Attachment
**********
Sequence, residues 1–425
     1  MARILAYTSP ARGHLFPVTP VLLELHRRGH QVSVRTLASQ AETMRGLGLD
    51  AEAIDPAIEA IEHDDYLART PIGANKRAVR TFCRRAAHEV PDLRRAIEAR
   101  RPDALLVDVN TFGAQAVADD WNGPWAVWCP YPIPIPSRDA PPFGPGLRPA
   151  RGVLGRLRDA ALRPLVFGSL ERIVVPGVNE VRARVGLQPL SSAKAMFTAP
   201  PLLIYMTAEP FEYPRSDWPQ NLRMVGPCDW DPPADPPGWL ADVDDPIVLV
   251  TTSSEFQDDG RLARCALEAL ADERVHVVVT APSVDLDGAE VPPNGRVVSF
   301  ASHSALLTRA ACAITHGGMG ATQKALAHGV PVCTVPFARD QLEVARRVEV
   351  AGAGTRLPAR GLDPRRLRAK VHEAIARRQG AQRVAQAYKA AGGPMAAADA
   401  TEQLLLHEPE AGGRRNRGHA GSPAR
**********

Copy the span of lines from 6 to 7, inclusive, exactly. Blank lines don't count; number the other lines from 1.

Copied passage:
   201  PLLIYMTAEP FEYPRSDWPQ NLRMVGPCDW DPPADPPGWL ADVDDPIVLV
   251  TTSSEFQDDG RLARCALEAL ADERVHVVVT APSVDLDGAE VPPNGRVVSF